Tag Archives: carl zeiss bird station

A Saturday morning with the Young Birders Club at the Carl Zeiss Bird Station

4:45 a.m.: The alarm clock went off. Thinking of sleeping in on a Saturday morning? Not when you're going to watch migratory birds with the Young Birders Club! We began counting all migratory birds even before the sun rose. So we met at the Wedel Marina at 7:30. We've headed to the marina because this is where the river Elbe is at its most narrow, causing the migrating birds to gather so that they can spend as little time over the water as possible as they fly south. This Saturday started out gray with a strong wind from the southwest – not exactly great conditions for migrating because birds generally don't fly when there are headwinds. Despite the weather, a small group of Young Birders met at the marina.

And it paid off! In spite of the wind, large groups of birds were out and flocks of them flew across the Elbe heading south every couple of seconds. Today the record went to the common chaffinch: in three hours, more than 21,500 of them flew across the river. Yet you have to look sharp when there are swarms of finches, because in between the common chaffinches is the odd brambling and hawfinch. Picking out individual species when bird watching requires a special kind of skill. Species that look quite different on the ground can appear almost exactly the same when flying overhead. You can only distinguish between them by their call and flying silhouette.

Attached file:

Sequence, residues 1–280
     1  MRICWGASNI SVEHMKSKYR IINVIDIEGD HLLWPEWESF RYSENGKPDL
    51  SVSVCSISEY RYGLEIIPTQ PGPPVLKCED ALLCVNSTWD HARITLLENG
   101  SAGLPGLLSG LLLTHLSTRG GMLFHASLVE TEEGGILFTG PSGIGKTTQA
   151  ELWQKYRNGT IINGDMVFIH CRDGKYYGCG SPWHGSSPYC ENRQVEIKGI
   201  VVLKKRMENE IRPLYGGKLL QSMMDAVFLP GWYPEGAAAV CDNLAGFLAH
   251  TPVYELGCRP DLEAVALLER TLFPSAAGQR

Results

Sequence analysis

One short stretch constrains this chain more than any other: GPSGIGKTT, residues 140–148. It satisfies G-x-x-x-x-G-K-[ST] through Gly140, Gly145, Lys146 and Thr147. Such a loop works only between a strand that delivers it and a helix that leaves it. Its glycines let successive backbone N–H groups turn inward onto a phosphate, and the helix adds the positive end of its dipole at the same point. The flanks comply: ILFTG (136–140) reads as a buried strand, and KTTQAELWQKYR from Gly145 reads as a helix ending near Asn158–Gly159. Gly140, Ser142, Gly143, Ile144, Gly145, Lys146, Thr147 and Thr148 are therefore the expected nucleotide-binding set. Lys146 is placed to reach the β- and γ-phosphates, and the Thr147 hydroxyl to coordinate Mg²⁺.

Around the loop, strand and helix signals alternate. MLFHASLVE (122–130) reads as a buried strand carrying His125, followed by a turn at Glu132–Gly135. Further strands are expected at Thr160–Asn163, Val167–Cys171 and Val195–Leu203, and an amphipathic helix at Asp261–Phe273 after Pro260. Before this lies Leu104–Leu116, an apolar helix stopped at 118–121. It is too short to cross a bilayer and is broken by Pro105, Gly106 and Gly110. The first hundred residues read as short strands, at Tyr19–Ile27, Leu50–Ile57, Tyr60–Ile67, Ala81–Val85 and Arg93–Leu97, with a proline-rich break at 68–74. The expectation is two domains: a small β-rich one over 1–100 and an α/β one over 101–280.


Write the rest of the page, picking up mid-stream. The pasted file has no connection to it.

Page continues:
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Introducing the New ZEISS Victory Harpia Spotting Scope

From 11 through 13 September, ZEISS Sports Optics invited visitors to come to the city of Hamburg and check out the new ZEISS Victory Harpia spotting scope that will be available starting in January 2018. Invited guests not only got to attend the product demo, but also heard from the Dachverband Deutscher Avifaunisten (DDA), an umbrella organization for bird lovers, and took a boat ride to the Carl Zeiss Bird Station in the Wedel Marsh run by the NABU Hamburg, an environmental protection group.

There, participants had the opportunity to try out the new spotting scope, with its revolutionary optical system featuring a three-stage wide-angle zoom, in real-world conditions.

A chalkboard at the entrance to the Carl Zeiss Bird Station headed by Marco Sommerfeld informs visitors which birds they might see in the Wedel Marsh currently.

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In 1978 the Wedel Marsh was diked – despite mass protests led by conservationists. The NABU branch in Hamburg did, however, ensure that the extraction site of marine clay needed to build the dams was turned into a substitute habitat for wading and aquatic birds. Working according to guidance and active support of many bird enthusiasts, a 10-hectare body of water was created on an area measuring roughly 17.5 ha. Ever since, the area has been rented by NABU Hamburg and is maintained and further developed by dedicated volunteers on an ongoing basis.

The Carl Zeiss Bird Station was opened in 1984. For more than 30 years, this area, which lies some 15 km to the west of Hamburg, has been used to observe the birds on the Wedel Marsh. This is the perfect place for ducks, geese, wading birds and gulls to find food and to breed.
One full-time and several volunteer supervisors tell visitors all about the local nature, offer them binoculars for hire and inspire people on tours that take in the local bird species.

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